ORLANDO -- The total snacking category has grown to become a $26.4 billion industry, an increase of $5.6 billion over the past six years, according to Information Resources, Inc., Chicago.
"Sixty percent of snack food growth is coming from new products," said Kim Feil, president of worldwide innovation at IRI.
At the SNAXPO 2001 trade show here last week, Feil presented a State of the Snack Food segment to conference attendees, which reviewed retailing and demographic trends within the industry, highlighting new products and growth opportunities.
Feil outlined current consumer preferences that drove the success of new product "pacesetters" for the year 2000, defining pacesetters as either brand-new products or line extensions that sell over $7.5 million during their first year of distribution.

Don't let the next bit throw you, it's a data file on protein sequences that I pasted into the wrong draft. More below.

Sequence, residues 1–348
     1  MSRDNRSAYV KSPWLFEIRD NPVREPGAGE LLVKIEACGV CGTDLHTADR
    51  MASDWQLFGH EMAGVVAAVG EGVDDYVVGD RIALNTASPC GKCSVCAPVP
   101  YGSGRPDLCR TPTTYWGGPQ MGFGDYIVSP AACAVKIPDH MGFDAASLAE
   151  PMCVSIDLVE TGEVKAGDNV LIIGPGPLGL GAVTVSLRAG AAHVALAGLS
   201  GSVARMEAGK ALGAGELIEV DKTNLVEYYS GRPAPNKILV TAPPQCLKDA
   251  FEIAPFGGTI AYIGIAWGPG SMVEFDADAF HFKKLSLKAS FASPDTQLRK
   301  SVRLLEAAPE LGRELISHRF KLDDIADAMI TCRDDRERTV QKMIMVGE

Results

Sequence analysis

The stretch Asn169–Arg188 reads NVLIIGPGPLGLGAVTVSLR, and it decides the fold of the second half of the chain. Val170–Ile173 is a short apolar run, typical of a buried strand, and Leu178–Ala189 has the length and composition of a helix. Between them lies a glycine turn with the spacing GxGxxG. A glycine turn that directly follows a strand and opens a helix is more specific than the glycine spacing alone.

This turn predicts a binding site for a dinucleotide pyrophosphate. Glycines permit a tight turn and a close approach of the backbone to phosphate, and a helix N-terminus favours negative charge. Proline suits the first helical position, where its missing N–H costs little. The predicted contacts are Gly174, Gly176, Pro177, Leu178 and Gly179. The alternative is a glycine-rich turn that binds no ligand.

The New Product Pacesetters 2000 report, to be presented in further detail at the annual Food Marketing Institute conference in May, found that salty snacks, cookies and snack bars are consistently among the top performing new products in the food segment, Feil said.
Trends in food are being driven to a large degree by consumers' increasing demand for convenience, as well as novel flavors and recipes. The snack food industry is responding with a host of innovative packaging and taste concepts.
Feil also noted the wane of the low-fat craze, citing a $300 million erosion of sales for low-fat products across all frozen, refrigerated and shelf-stable convenience foods.